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Eur J Appl Physiol. 2012 Nov;112(11):3829-38. doi: 10.1007/s00421-012-2364-2. Epub 2012 Mar 6.

Reduced plantar cutaneous sensation modifies gait dynamics, lower-limb kinematics and muscle activity during walking.

Author information

1
Institute of Biomechanics and Orthopaedics, German Sport University Cologne, Am Sportpark Müngersdorf 6, 50933, Cologne, Germany. hoehne@dshs-koeln.de

Abstract

Peripheral neuropathy is the most common long-term complication in diabetes and is involved in changes in diabetic gait and posture. The regression of nerve function leads to various deficits in the sensory and motor systems, impairing afferent and efferent pathways in the lower extremities. This study aimed to examine how reduced plantar-afferent feedback impacts the gait pattern. Cutaneous sensation in the soles of both feet was experimentally reduced by means of intradermal injections of an anaesthetic solution, without affecting foot proprioception or muscles. Ten subjects performed level walking at a controlled velocity before and after plantar anaesthesia. Muscle activity of five leg-muscles, co-contraction ratios for the knee and ankle joint, ground reaction forces (GRF), spatiotemporal characteristics, joint angles and moments of the hip, knee and ankle were analysed. The intervention significantly lowered plantar sensation, reducing it to the level of sensory neuropathy. Spatiotemporal gait characteristics remained unchanged. The ankle joint was more dorsiflexed which coincided with increased tibialis anterior and decreased gastrocnemius medialis muscle activity during foot flat to mid-stance. In addition, the knee joint was more flexed accompanied by increased biceps femoris activity and higher internal knee-extension moment. With regard to gait dynamics, a delay of the first peak of the vertical GRF was observed. Increased soleus and tibialis anterior muscle activity were found during the end of stance. Short-term loss of plantar sensation affects lower-limb kinematics and gait dynamics, particularly during the first half of stance, and contributes to modified muscle-activation patterns during locomotion.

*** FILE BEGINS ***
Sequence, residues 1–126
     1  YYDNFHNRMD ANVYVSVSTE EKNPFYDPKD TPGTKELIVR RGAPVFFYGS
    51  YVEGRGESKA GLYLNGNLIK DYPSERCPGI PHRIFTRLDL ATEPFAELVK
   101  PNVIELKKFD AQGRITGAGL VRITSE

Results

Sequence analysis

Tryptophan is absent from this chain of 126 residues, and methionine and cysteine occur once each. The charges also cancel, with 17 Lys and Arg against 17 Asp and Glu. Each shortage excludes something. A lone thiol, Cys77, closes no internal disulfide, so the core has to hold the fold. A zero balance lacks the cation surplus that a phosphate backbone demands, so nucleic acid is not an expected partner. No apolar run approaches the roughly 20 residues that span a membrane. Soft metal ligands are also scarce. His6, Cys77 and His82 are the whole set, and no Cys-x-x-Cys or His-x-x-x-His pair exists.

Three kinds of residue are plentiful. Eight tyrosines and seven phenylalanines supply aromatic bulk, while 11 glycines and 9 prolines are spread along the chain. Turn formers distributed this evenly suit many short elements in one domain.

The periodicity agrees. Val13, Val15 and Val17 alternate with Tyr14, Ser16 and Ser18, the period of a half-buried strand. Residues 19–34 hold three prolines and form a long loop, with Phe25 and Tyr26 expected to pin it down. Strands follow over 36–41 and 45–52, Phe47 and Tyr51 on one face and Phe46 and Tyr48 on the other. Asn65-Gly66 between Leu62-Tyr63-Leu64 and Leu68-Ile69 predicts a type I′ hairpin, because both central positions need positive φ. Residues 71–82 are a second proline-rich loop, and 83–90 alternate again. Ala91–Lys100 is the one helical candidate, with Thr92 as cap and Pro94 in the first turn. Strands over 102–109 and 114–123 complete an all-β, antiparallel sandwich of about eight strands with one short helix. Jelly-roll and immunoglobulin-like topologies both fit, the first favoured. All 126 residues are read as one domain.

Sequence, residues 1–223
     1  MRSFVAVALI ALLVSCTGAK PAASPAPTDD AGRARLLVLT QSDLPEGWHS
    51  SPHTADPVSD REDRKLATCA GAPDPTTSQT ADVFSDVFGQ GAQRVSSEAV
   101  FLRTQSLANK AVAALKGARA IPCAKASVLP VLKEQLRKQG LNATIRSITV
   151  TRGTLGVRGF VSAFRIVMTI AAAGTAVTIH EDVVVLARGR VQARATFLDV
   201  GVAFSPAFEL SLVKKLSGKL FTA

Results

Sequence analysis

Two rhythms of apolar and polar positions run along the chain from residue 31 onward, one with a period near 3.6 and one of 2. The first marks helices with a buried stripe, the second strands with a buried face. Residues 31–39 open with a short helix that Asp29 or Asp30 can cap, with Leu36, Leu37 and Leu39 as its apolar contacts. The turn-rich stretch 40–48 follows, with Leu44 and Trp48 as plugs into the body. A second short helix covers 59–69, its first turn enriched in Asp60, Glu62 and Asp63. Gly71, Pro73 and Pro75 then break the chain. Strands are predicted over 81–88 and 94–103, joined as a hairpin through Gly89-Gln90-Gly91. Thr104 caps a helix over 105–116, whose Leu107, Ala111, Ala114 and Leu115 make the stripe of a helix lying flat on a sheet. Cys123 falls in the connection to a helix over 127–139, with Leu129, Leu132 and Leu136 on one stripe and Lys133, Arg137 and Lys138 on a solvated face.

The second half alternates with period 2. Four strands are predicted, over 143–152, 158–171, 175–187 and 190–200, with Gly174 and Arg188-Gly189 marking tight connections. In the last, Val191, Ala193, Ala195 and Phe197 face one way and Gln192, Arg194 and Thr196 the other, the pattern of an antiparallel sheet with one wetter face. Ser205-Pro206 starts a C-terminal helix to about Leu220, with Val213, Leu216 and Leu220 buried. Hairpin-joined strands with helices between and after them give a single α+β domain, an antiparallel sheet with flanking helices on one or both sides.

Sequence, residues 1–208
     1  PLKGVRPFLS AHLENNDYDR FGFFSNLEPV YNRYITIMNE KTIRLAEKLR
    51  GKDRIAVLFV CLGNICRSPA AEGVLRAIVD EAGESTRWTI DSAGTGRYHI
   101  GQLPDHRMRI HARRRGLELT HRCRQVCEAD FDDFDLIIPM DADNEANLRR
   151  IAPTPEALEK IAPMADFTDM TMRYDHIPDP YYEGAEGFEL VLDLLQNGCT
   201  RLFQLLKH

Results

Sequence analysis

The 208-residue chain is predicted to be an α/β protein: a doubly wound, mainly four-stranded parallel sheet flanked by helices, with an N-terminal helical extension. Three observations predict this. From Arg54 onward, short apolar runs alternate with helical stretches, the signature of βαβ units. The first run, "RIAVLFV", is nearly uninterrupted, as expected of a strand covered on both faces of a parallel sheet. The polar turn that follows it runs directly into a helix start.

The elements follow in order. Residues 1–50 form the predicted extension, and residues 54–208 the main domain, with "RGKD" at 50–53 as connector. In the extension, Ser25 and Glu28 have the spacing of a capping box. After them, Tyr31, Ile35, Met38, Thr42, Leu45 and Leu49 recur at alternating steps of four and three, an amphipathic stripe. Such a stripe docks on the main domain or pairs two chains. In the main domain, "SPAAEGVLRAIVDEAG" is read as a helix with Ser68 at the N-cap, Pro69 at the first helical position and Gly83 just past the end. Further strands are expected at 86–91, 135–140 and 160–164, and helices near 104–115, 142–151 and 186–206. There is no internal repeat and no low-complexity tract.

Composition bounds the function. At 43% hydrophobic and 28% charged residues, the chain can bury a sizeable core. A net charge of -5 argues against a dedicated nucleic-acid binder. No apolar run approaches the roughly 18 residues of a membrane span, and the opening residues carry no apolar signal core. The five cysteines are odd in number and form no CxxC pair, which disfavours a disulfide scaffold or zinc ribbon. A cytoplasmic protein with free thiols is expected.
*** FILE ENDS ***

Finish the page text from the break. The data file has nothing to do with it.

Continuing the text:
PMID:
22391682
DOI:
10.1007/s00421-012-2364-2
[Indexed for MEDLINE]

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